GPs could be investigated by the police if a new criminal offence of wilful neglect is introduced. The MDU is objecting to a consultation on proposals which we believe are not necessary for public protection. They would also add to the regulatory burden faced by the profession and cause unnecessary distress for those caught up in any investigation.
Here, Dr Michael Devlin, Head of Professional Standards and Liaison at the MDU, answers questions from GPs about the potential ramifications.
Q. What is the definition of wilful neglect?
The Government is still consulting on the creation of a new criminal offence of ‘wilful or reckless neglect or mistreatment’ in England and Wales, so we don’t have a working definition yet. 1
The recommendation for the new offence was originally proposed by Professor Don Berwick in his report on a review of patient safety in the NHS following the Francis report into Mid Staffordshire hospital. 2 The offence would apply to individuals and organisations who wilfully neglect or ill-treat someone in a way that causes serious harm or death. The consultation document does not propose a definition as it suggests there is already a widely agreed definition in case law.
The MDU does not believe case law and its application are clear and is concerned that the lack of clarity is likely to lead to a number of unnecessary investigations of doctors. This could mean some GPs facing an unnecessary criminal investigation, with serious implications for their career and professional reputation.
Q. What will the penalties be?
It’s proposed that any healthcare professional successfully prosecuted could face up to five years imprisonment and/or £5,000 in fines under the proposals. The organisations employing them could also face large financial penalties.
Q. What are the ways in which doctors could currently be held to account for neglecting a patient?
There are already criminal and other sanctions in place. Criminal offences exist currently in order to protect vulnerable groups in society, such as those with mental health illnesses, those who lack capacity to make decisions for themselves and children. However, there is no evidence to suggest doctors are wilfully neglecting or ill-treating patients or that the additional threat of a police investigation is necessary or likely to improve patient safety.
Currently a doctor accused of ill-treatment or wilful neglect would most likely be investigated by the GMC and could face a fitness to practise hearing, with the ultimate sanction of erasure from the medical register. Given this would effectively stop that doctor from practising medicine, it is hard to see why a new, additional criminal sanction is considered necessary or likely to be a more effective deterrent than erasure from the medical register. The danger is it will encourage a culture of fear and blame, rather than of learning and openness.
Q. How might GPs fall foul of this law? Can you give some examples?
One example might be a GP who sees a five-year-old boy with a high temperature and lethargy. After careful examination, the doctor can find nothing of concern and suspects a viral illness, advises the parents accordingly, and tells them to keep an eye on the child and to contact the surgery again if his condition worsens. That child is admitted to hospital 10 hours later with meningitis and suffers brain damage.
The (understandably distressed) parents might approach the police and seek to blame the GP for not having picked up the meningitis, alleging the GP was rushed and off-hand and did not care whether the child was in need of medical treatment or not.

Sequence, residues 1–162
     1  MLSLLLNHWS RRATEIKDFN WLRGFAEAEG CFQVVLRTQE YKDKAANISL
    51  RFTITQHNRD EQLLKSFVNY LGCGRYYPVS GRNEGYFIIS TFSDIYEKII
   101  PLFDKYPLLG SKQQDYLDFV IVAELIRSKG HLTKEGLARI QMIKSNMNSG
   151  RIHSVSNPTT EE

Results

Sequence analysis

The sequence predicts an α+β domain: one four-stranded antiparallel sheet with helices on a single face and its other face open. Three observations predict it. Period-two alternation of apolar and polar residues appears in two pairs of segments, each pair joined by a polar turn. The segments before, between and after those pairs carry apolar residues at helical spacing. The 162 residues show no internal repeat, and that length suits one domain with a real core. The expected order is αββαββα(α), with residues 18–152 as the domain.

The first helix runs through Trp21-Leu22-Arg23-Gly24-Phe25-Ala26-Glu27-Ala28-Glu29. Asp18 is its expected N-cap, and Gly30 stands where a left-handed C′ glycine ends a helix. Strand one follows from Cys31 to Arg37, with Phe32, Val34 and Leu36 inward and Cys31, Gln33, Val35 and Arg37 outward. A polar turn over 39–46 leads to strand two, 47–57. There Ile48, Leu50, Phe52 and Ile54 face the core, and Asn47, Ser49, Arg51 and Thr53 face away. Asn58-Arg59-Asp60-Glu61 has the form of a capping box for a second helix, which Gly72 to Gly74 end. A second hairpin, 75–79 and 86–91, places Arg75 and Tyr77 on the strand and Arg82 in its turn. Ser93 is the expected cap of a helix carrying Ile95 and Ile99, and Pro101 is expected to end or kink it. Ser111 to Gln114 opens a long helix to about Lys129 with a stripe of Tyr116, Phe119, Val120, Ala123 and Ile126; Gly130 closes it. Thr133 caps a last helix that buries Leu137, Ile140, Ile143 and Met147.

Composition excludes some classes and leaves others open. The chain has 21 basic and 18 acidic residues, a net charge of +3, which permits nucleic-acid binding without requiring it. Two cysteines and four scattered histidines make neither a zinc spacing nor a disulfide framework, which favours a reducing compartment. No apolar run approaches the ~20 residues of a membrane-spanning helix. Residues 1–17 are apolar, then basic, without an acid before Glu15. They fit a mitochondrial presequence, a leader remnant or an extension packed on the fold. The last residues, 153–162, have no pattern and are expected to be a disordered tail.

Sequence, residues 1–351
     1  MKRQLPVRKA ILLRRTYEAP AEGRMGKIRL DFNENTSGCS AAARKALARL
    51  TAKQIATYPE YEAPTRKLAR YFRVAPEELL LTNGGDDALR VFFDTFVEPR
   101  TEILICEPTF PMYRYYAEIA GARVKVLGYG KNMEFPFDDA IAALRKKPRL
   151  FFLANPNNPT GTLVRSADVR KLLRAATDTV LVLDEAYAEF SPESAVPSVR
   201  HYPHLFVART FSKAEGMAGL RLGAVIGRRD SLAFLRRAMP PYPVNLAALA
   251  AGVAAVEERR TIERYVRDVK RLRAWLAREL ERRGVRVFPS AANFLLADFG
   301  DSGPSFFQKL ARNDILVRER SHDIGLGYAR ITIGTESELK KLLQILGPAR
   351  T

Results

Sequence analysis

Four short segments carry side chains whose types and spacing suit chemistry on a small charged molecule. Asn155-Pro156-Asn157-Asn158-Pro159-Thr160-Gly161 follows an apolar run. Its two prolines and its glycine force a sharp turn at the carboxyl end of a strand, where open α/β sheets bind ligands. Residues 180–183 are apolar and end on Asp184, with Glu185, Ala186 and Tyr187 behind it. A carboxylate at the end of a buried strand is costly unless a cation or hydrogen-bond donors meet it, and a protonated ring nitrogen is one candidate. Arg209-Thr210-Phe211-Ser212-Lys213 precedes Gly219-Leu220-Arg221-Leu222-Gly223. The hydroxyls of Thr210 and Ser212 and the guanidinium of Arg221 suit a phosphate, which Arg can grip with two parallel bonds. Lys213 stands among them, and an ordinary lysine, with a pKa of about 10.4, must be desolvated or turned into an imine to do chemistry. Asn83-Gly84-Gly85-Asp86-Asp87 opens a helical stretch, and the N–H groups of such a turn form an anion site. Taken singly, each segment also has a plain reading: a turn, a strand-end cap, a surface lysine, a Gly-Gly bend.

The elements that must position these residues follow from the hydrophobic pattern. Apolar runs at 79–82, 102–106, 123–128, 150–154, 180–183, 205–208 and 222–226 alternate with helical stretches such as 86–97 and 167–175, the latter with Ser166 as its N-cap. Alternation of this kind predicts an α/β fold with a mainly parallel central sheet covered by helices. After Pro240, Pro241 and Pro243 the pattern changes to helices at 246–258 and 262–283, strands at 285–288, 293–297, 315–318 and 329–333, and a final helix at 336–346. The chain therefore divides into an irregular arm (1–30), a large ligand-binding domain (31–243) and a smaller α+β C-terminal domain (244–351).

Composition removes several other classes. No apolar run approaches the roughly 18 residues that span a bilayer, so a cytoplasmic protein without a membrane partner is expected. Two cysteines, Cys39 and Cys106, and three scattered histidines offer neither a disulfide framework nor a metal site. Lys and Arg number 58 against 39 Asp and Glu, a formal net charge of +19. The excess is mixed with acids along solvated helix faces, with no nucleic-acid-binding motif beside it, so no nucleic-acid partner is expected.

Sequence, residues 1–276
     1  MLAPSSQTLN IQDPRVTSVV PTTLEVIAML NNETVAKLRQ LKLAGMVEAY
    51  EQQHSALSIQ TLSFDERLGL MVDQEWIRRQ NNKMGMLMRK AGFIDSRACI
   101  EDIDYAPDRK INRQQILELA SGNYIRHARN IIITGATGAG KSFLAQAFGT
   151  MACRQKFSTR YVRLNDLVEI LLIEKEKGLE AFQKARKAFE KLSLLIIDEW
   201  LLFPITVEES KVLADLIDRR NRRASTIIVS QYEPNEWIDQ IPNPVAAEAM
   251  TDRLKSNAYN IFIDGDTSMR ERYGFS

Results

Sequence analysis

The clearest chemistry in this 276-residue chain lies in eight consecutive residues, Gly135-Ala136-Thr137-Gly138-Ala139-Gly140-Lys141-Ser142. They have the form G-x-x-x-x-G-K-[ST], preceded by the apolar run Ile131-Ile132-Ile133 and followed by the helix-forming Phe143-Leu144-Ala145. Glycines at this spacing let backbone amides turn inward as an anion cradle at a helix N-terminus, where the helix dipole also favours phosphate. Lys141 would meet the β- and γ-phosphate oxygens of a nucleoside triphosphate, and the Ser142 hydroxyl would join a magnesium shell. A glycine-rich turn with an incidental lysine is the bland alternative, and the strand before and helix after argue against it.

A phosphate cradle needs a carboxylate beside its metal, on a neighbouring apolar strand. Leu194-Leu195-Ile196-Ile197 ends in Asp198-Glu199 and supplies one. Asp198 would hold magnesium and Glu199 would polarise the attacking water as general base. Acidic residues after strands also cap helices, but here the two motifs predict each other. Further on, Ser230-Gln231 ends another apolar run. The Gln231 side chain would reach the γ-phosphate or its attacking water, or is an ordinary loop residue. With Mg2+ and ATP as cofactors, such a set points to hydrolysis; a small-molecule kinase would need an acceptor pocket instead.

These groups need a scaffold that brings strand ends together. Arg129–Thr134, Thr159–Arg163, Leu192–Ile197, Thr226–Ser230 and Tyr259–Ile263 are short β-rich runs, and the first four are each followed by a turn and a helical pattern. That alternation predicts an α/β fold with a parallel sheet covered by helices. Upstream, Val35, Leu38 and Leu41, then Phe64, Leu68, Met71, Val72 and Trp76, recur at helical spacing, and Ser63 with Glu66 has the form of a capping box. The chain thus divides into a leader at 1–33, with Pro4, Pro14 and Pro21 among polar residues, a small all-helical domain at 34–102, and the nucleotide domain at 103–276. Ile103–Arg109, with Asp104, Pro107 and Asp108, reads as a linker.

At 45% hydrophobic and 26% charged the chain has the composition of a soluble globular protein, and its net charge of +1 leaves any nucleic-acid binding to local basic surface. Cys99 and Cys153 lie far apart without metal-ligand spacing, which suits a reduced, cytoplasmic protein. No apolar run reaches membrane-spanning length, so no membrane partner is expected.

Another example might be an elderly patient in a care home who is frail and starts to lose weight. Her GP, after carrying out a clinical examination, recommends that further investigations and a hospital referral. The patient, who is competent and able to make decisions, does not wish either to undergo any investigations or be referred to hospital and over the course of several months becomes increasingly frail. The relatives of the patient, seeing her progressive physical deterioration, believe those providing care have neglected her medical condition, and complain to the police. Again, this situation would put the GP at risk of criminal investigation because of the clinical, professional relationship with his patient, and would also be likely to last for considerable time given that other healthcare professionals might be interviewed by the police.
If this new legislation is brought in, this could lead to a police investigation for ‘wilful neglect’. Even if the police finally reached the conclusion that the GP behaved properly and did not in any way neglect the patient, that would hardly be any comfort to the GP.
A new criminal sanction for wilful neglect is likely to increase the numbers of GPs investigated though very few, if any, would be found guilty of something as serious as wilful neglect. Such investigations last many months, if not years, even if ultimately no sanction is imposed and it is difficult to see how this would act as a deterrent or further protect patients.
Q. What can GPs do to object to the creation of this offence?
GPs can make their views known to the Government via the consultation which closes at 5pm on 31 March. The consultation documentation and explanation on how to respond can be accessed on the Government’s website.
Dr Michael Devlin is the head of professional standards and liaison at the MDU.
1 Department of Health. New offence of ill treatment or wilful neglect: consultation document. 27 February 2014.https://www.gov.uk/government/uploads/system/uploads/attachment_data/file/285426/20140226_WN_consultation_doc_-_For_publication.pdf
2 Department of Health. Berwick review into patient safety. 6 August 2013.https://www.gov.uk/government/publications/berwick-review-into-patient-safety